Damian Green: For the avoidance of doubt, given the interventions from the Opposition, I am happy to confirm that the Conservative party has never used all-women shortlists and that they fell into disrepair in the Labour party after an all-women shortlist produced a male candidate who happened to be the leader of a trade union.

Mr Nuttall: I am most grateful to the Minister for that intervention. The Opposition say that they support all-women shortlists, but as Members on both sides of the House will be aware, the hon. Member for Birmingham, Erdington (Jack Dromey) was selected as a candidate despite his gender. It is perhaps one of the biggest ironies that he was selected even though his wife, the right hon. and learned Member for Camberwell and Peckham (Ms Harman), seems so keen to have all-women shortlists in all constituencies.

Philip Davies: Is it not also ironic that the Labour party has brought in all these massively talented women, apparently, through the use of all-women shortlists, but when it wanted to select a new leader it seemed to bypass all that talent that had been brought into the House and plumped for a man?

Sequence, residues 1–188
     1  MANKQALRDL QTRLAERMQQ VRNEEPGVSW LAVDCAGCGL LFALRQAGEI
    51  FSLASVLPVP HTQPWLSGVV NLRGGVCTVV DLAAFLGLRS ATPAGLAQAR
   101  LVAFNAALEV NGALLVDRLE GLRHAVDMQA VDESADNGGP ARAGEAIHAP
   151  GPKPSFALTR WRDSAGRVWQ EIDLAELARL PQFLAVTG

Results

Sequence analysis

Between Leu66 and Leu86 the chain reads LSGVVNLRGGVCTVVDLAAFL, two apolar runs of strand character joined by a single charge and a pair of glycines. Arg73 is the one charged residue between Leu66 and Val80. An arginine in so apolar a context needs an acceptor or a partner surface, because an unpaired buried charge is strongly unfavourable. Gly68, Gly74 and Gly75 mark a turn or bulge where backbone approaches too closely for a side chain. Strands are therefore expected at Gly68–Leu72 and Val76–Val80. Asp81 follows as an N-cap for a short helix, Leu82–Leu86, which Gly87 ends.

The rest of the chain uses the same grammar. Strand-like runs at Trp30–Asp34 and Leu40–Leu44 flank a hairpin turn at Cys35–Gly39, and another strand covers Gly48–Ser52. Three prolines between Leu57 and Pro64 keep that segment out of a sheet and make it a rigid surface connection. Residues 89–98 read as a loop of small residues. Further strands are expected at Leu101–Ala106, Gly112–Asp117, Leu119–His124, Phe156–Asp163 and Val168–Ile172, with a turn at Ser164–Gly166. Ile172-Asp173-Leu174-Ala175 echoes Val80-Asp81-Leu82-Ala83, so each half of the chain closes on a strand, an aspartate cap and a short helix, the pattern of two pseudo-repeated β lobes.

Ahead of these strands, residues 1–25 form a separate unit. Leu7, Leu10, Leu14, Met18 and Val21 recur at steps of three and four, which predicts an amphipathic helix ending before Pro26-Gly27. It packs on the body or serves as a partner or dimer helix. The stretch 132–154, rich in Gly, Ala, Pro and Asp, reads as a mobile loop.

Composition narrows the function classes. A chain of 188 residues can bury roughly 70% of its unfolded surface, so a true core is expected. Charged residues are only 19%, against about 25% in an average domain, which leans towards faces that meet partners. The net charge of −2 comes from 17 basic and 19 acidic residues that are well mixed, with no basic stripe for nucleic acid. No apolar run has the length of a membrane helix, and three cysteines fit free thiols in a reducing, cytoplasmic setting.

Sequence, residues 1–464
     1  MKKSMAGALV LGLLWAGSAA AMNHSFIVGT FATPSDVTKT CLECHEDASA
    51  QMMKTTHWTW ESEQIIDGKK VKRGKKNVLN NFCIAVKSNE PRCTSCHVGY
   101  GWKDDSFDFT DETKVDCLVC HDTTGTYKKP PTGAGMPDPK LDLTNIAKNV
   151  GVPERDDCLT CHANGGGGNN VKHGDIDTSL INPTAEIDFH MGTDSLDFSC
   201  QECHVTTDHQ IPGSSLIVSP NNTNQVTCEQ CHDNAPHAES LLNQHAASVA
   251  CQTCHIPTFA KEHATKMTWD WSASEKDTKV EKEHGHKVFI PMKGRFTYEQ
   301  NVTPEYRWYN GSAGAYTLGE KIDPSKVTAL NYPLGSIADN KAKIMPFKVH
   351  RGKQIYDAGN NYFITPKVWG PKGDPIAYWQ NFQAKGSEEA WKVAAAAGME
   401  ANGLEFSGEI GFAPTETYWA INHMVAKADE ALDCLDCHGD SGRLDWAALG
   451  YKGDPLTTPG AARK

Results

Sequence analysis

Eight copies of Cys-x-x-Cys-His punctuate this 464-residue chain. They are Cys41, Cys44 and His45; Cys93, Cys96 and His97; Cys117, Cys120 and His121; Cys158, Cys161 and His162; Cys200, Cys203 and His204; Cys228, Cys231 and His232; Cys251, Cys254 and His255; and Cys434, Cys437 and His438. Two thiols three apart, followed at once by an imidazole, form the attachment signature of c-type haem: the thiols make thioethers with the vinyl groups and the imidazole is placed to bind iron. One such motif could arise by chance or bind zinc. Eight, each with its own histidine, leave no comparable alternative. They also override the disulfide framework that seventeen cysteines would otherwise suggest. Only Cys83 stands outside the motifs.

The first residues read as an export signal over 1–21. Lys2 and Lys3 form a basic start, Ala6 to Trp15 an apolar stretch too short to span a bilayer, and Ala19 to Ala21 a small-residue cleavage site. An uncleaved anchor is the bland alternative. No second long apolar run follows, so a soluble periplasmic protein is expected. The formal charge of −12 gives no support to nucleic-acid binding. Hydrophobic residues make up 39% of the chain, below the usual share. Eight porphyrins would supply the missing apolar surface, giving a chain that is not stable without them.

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Mr Nuttall: My hon. Friend makes a good point, and perhaps the Labour party will consider selecting its leader on a rotational basis, with a male leader being followed by a female. As far as I am aware, the Labour party, unlike our party, has never had a female leader; perhaps it is time for half a dozen consecutive female leaders.

Chris Bryant: We have actually had two women leaders: my right hon. Friend the Member for Derby South (Margaret Beckett) was briefly leader after John Smith died; and we had an interim leader in the form of my right hon. and learned Friend the Member for Camberwell and Peckham (Ms Harman), the current deputy leader. More to the point, however, considering the trump card to which the hon. Member for Shipley (Philip Davies) referred—Baroness Thatcher—is it not surprising that not a single other woman has chosen to stand for the leadership of the Conservative party since?